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Interview with Ellen Burton about Exercise is Medicine

Ellen Burton graduated from Boston University with a master’s degree in public health and is a Certified Health Education Specialist. She has a lengthy history in health and wellness with prior engagements that include serving as the Director of the Money Follows the Person Program with the Indiana State Division of Aging, as well as the Director of the Maryland Association of County Health Officers with the Johns Hopkins Bloomberg School of Public Health. She is currently the Program Officer for Exercise is Medicine®, a multi-organizational initiative coordinated by the American College of Sports Medicine.


Here are my 5 questions with Ellen and my summary of her answers:

1) The current chair of Exercise is Medicine® Dr. Robert Sallis stated, “Regular physical activity, at the correct intensity, is so powerful in maintaining and improving health that it should be prescribed, just as a medicine or drug would be.” It is quite clear that empirical evidence backs this up. The government has recently come out with ChooseMyPlate to help influence dietary choices and Let’s Move! to help influence children to increase their physical activity. These are primarily passive programs. Why is it important that your doctor or primary medical provider take an active role in your fitness regimen?

There is a significant amount of research indicating that people who discuss exercise with their health care provider as an important part of their overall health and wellness are more likely to start routine physical activity. Exercise is Medicine rolls this into an actual prescription because getting and filling a doctor’s prescription is a familiar process for people. There are numerous studies indicating that people tend to engage and adhere to prescriptive exercise compared to self-started programs (Decision Making Versus Decision Implementation: An Action Control Approach to Exercise Adoption and Adherence), so empowering doctors to use the prescription referral process to assign exercise makes sense.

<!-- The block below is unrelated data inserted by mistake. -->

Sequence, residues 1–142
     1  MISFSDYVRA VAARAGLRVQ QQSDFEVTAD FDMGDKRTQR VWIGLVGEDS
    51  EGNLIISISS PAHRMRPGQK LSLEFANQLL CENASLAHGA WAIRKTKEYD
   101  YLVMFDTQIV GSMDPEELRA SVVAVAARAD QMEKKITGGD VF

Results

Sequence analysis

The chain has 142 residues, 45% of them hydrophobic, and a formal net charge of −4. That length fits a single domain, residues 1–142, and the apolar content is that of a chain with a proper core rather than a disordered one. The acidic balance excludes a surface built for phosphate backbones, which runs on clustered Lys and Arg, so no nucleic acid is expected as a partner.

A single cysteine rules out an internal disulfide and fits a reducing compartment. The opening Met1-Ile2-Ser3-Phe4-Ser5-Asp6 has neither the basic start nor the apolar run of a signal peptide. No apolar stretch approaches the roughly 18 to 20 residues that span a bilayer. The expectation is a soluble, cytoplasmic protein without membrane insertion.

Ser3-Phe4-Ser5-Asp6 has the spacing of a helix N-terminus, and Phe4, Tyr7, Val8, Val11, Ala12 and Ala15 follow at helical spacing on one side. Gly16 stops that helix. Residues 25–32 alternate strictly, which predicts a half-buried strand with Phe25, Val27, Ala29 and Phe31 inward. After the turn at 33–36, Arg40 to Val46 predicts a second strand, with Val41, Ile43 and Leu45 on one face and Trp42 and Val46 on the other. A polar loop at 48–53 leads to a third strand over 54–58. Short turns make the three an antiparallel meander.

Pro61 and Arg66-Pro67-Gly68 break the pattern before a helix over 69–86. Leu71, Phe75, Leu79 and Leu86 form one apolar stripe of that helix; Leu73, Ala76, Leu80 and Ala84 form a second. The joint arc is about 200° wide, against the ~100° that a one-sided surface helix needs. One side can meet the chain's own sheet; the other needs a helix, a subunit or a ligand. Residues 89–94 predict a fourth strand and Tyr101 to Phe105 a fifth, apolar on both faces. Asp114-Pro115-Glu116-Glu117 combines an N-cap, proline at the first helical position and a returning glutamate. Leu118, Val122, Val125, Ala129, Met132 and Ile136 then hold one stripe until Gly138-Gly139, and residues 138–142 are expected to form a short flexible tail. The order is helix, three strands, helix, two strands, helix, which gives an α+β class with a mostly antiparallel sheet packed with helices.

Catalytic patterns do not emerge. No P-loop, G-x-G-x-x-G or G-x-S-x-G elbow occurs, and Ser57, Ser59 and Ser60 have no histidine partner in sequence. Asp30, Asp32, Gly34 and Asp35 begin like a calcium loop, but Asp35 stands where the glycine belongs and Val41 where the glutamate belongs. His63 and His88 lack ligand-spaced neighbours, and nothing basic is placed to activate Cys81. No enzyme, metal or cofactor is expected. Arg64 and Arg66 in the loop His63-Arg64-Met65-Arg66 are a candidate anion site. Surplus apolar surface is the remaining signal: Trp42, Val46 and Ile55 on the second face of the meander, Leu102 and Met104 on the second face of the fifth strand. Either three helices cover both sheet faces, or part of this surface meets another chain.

As you highlighted in the quote from Dr. Sallis, there is significant scientific data that shows one of the best ways to prevent and treat disease is to get at least 150 minutes of moderate-intensity physical activity each week. Our aim at Exercise is Medicine is to make this powerful concept a part of every discussion about health and well-being. With that in mind, it becomes essential that your doctor or primary medical provider plays an active role.

2) One of the many important areas that Exercise is Medicine is focusing on is benefit reimbursements and legislation initiatives related to health improvements through exercise. There are inflation-adjusted per capita health savings estimates as high as $544 per year (Costs and Benefits of Bicycling Investments in Portland, Oregon) for individuals that exercise regularly. Are there any ideas being executed that use this economic incentive to help with patient adherence?

It’s widely known that disease treatment is also an economic concern. As you’ve said, there are numerous studies that point to the economic benefit of disease prevention. We like to couple the discussion of physical activity with the discussion of fiscal responsibility. We are fortunate to live in a time where one’s life expectancy continues to increase. However, per capita health expenses continue to increase as well, and medical entitlements are a consistent part of the debate over national budget reform. We are working to influence national policy based on the evidence that exercise can reduce the cost of disease. We are also working with insurance companies and other health care associations to encourage referral reimbursements. This effort involves including exercise as part of one’s documented medical history, and we are seeing it documented more in people’s electronic medical records (EMRs). There are no pass-throughs yet (that reach the patient) in terms of economic gain, with the notable exception that the data shows they are likely to spend less on medical care in their lifetime if they adhere to the established federally mandated exercise guidelines.